CLEARWATER, Fla. -- If Jamie Moyer does indeed hold an edge for the vacant fifth-starter's job, he's not letting it go to his head. After firing three shutout innings in a "B" game Wednesday morning at Bright House Field, Moyer was asked where he planned to pitch next.
"Wherever they want," he said. "I'm just an employee."
To the best of Moyer's knowledge, that next outing will come on Sunday, perhaps even in a real spring game. Not that it matters. Despite being the only Phillies starter yet to participate in a Grapefruit League game, Moyer remains in prime position to beat out Kyle Kendrick for the fifth-starter's job.
Pitching coach Rich Dubee reiterated that much this week, saying that the job belongs to Moyer unless Kendrick takes it from him.
Wednesday's performance offered a glimpse of why. Facing mainly Blue Jays Minor Leaguers, Moyer allowed just two baserunners on a single and a hit batsman -- and he picked one of them off first.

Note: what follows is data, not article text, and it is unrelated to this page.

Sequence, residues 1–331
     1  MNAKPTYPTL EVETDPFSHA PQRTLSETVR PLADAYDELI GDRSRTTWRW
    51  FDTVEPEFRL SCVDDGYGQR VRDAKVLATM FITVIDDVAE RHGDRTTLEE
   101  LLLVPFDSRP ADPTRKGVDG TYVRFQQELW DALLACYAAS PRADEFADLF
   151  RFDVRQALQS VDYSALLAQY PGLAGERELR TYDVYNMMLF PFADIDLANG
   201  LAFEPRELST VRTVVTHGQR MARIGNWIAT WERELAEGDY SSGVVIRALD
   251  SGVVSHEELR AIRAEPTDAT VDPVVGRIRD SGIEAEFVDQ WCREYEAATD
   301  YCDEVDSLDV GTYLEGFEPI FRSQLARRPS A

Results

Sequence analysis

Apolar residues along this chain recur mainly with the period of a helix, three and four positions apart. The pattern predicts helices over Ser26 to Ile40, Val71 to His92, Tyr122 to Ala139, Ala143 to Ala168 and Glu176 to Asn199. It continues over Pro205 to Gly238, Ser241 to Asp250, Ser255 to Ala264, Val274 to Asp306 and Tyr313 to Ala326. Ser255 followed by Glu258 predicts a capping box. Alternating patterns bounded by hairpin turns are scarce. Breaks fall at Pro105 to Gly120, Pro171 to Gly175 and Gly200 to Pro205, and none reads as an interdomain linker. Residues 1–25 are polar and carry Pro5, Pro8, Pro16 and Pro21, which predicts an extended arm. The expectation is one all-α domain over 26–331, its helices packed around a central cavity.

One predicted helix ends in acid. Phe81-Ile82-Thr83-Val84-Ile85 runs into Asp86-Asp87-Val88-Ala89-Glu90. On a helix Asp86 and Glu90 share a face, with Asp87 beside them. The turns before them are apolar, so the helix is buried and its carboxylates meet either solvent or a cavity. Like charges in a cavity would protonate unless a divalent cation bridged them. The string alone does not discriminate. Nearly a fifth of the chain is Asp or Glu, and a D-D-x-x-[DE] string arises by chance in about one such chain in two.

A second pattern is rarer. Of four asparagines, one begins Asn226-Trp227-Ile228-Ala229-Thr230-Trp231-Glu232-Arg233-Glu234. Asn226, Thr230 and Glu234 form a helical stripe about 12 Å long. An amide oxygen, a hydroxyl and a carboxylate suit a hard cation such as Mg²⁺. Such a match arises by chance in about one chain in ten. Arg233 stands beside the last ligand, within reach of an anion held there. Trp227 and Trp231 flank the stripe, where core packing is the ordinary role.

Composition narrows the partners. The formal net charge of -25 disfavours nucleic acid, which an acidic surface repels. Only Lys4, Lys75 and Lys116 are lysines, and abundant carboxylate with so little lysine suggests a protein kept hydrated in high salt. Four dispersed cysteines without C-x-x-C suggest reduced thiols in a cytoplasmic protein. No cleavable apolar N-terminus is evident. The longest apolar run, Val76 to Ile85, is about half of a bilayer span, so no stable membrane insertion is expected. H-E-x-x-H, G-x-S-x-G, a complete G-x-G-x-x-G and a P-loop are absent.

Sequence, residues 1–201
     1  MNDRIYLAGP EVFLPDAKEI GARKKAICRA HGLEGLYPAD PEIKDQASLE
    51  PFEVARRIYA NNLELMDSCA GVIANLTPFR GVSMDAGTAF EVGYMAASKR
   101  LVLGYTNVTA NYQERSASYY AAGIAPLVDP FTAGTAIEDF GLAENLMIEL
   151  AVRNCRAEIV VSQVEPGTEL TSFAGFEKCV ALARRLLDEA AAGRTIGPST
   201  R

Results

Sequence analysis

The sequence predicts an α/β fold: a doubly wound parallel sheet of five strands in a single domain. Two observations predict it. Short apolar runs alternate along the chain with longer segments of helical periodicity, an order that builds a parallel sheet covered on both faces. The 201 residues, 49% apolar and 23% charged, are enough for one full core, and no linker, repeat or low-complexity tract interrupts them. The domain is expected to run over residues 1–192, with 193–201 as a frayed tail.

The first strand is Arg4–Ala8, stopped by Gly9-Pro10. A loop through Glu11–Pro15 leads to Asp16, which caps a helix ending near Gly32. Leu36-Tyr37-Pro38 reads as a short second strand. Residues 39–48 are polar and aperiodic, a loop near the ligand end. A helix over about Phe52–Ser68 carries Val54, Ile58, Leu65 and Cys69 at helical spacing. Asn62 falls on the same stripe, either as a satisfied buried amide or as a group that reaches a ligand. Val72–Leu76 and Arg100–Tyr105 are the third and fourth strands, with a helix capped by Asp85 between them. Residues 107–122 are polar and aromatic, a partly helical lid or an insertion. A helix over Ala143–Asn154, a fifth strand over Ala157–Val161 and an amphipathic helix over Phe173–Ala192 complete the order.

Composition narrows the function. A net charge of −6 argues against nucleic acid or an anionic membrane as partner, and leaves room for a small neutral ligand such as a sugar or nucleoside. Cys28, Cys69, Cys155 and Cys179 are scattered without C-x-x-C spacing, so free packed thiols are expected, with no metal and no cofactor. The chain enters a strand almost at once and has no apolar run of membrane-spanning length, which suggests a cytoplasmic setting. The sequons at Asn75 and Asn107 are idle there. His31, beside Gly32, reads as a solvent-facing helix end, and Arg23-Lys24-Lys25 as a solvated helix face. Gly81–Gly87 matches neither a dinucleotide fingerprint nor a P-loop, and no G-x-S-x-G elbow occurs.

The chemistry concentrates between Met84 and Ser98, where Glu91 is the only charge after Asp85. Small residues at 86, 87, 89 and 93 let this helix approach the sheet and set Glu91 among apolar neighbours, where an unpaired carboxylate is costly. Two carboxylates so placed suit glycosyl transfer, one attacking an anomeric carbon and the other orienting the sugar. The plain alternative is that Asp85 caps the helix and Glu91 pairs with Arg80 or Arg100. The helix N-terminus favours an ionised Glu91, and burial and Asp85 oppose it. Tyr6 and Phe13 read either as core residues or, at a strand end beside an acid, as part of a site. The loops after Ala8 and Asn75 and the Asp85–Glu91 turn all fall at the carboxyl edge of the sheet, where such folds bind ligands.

Moyer threw just 31 pitches in anticipation of another outing on Sunday, and the Phillies won, 5-1.
Afterward, Moyer said that his 47-year-old arm felt "like it's supposed to," that the rest of him feels just fine and that health is not an issue. Which is good for a Phillies club that owes him $8 million this season.
Moyer underwent operations for a sports hernia and on his knee in the offseason, but he also had to be hospitalized two other times for complications following the hernia surgery. That included a third procedure to have an abscess removed from his groin.
Moyer also wasn't concerned with the fact that both of his impressive spring performances -- now six shutout innings in total -- have all come in "B" games against Minor Leaguers.
"They're all the same," Moyer said. "There are more people at an 'A' game, but I can't say there's any difference in intensity. 'A' game or 'B' game, I don't think I could go out there and lollygag it. I can't compete that way. There's a sense of personal pride, and I'm looking for results."
Anthony DiComo is a reporter for MLB.com. This story was not subject to the approval of Major League Baseball or its clubs.